Shabbat Parashat Toledot Facing our Truth

Dear Friends,

Why, of course, I tell the truth!  But, then again, maybe I bend the truth from time to time….

Judaism teaches us that God is Truth.   And yet, we humans, who are created in the image of God, don’t always tell the truth, the whole truth, and nothing but the truth.  Most of the time, we try our best to tell the truth.  But, sometimes, for the sake of peace, or for the sake of being considerate of people’s feelings, or for some other reason, we find ourselves embellishing what we know to be true.  Or, we find ourselves telling partial truths and leaving out plenty of significant parts of our stories.

When the ideal of truth comes up against the complex reality of our lives, we live with the consequences of our choices in relation to truth telling….

Our weekly Torah portion is filled with examples of people struggling with the issues of truth telling.

Rebecca was not open with Isaac.  She did not face her truth and speak with candor.  Instead, Rebecca resorted to subtrafuge.  She asked Jacob to disguise himself and to present himself as his brother, Esau, as a way of securing both the birthright and the blessing from Isaac.  Jacob went along with the scheme.  Isaac’s vision was dimmed so that he could not recognize the truth that presented itself before him.  And, despite his hesitation, he chose to accept Jacob’s narrative of deception and to bless Jacob in place of the blessing he had intended to give to Esau.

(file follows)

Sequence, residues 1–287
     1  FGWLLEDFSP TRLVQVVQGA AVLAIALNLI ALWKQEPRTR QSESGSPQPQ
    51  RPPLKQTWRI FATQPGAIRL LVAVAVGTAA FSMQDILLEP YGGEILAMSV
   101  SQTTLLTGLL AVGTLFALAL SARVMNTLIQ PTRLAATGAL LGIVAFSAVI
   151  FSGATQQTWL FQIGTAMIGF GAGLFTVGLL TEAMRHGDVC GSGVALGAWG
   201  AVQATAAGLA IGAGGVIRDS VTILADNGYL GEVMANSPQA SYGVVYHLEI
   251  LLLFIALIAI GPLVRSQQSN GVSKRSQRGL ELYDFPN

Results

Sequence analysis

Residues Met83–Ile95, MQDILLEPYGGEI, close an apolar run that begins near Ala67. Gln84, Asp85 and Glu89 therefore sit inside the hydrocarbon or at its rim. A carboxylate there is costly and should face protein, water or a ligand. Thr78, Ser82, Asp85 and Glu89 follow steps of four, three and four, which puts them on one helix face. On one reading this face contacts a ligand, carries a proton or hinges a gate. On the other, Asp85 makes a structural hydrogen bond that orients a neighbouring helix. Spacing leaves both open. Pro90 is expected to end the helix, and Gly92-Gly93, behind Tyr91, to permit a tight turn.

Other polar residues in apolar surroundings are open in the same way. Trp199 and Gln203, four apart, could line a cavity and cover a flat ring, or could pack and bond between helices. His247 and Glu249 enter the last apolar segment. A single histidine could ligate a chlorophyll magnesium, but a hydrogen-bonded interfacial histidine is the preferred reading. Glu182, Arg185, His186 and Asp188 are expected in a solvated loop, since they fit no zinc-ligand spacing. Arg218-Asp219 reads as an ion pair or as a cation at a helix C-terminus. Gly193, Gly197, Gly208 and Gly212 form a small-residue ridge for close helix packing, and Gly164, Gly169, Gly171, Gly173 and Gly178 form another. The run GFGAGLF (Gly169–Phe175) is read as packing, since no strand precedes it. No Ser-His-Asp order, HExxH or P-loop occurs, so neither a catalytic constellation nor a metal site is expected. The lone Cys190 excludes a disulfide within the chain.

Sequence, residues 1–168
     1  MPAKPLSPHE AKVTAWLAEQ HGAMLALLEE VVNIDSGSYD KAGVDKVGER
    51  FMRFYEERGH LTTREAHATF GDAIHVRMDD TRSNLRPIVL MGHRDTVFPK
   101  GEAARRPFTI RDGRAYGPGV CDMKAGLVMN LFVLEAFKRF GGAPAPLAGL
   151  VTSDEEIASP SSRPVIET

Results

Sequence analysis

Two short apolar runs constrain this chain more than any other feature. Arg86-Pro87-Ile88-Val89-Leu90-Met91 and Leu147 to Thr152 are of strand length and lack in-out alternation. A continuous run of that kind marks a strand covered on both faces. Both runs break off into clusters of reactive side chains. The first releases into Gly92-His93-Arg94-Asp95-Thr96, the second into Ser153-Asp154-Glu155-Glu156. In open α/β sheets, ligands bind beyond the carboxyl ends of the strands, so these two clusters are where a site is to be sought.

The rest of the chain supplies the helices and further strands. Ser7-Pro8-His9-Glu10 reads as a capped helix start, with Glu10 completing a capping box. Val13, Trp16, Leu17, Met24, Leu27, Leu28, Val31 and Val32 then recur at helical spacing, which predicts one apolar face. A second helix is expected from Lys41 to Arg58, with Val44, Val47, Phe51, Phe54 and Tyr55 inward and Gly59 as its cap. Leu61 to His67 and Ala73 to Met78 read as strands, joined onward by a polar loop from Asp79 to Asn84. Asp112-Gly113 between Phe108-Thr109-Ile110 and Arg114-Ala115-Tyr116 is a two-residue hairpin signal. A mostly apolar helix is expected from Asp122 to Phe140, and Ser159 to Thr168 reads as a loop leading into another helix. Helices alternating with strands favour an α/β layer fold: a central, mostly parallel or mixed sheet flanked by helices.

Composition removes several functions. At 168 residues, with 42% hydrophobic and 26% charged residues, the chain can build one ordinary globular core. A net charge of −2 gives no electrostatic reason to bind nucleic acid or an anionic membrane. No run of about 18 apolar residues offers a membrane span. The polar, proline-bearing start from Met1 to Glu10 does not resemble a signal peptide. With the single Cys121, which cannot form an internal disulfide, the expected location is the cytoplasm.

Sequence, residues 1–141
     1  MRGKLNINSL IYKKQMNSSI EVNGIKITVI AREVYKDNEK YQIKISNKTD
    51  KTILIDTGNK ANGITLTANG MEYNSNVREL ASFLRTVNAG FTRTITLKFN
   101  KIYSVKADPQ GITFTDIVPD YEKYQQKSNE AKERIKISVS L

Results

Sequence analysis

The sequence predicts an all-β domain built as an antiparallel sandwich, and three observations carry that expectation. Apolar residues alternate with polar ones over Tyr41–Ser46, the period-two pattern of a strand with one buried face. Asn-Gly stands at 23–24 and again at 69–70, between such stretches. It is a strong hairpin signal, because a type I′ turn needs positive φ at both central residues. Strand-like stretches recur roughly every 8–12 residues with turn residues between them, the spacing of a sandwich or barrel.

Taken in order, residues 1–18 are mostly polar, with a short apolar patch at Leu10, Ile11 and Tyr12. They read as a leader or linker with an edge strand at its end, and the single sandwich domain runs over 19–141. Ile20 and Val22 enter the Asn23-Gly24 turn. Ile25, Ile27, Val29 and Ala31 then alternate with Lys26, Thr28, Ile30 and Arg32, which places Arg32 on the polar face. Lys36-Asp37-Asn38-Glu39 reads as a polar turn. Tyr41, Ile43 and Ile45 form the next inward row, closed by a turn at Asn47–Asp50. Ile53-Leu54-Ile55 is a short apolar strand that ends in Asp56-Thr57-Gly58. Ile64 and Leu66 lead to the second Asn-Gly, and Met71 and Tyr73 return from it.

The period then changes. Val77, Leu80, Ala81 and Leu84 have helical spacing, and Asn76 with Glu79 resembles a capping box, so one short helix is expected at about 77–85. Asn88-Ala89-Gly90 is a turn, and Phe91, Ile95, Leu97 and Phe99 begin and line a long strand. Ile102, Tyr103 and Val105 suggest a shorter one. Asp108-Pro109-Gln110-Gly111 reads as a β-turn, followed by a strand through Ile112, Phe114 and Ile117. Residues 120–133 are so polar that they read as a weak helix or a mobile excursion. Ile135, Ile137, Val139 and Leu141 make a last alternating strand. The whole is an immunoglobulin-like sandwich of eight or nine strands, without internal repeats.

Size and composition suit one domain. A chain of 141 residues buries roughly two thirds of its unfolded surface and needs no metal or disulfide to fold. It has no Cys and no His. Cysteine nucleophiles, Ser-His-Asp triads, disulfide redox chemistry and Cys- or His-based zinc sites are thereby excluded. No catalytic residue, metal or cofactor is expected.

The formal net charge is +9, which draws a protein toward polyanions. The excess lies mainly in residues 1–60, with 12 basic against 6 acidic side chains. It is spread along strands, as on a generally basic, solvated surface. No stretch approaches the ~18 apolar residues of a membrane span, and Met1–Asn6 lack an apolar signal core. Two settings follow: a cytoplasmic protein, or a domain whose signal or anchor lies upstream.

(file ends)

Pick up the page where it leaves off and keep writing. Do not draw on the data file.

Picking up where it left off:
Our weekly Torah portion reflect the reality that facing our truth is especially Truth.  Torah challenges us to face our truths, even when truth seems illusive or inconvenient.  With a measure of humility, and with the help of our Torah stories, we can strive to face our truths and to speak them with candor.

Happily, our Torah portion also reminds us that there are plenty of blessings to go around.   So, perhaps, subtrafuge is not the best or the only way to secure our blessings for the good!

May all of our prayers and hopes be answered for the good, speedily and in our time!

Shabbat Shalom!

Rabbi Gilah Dror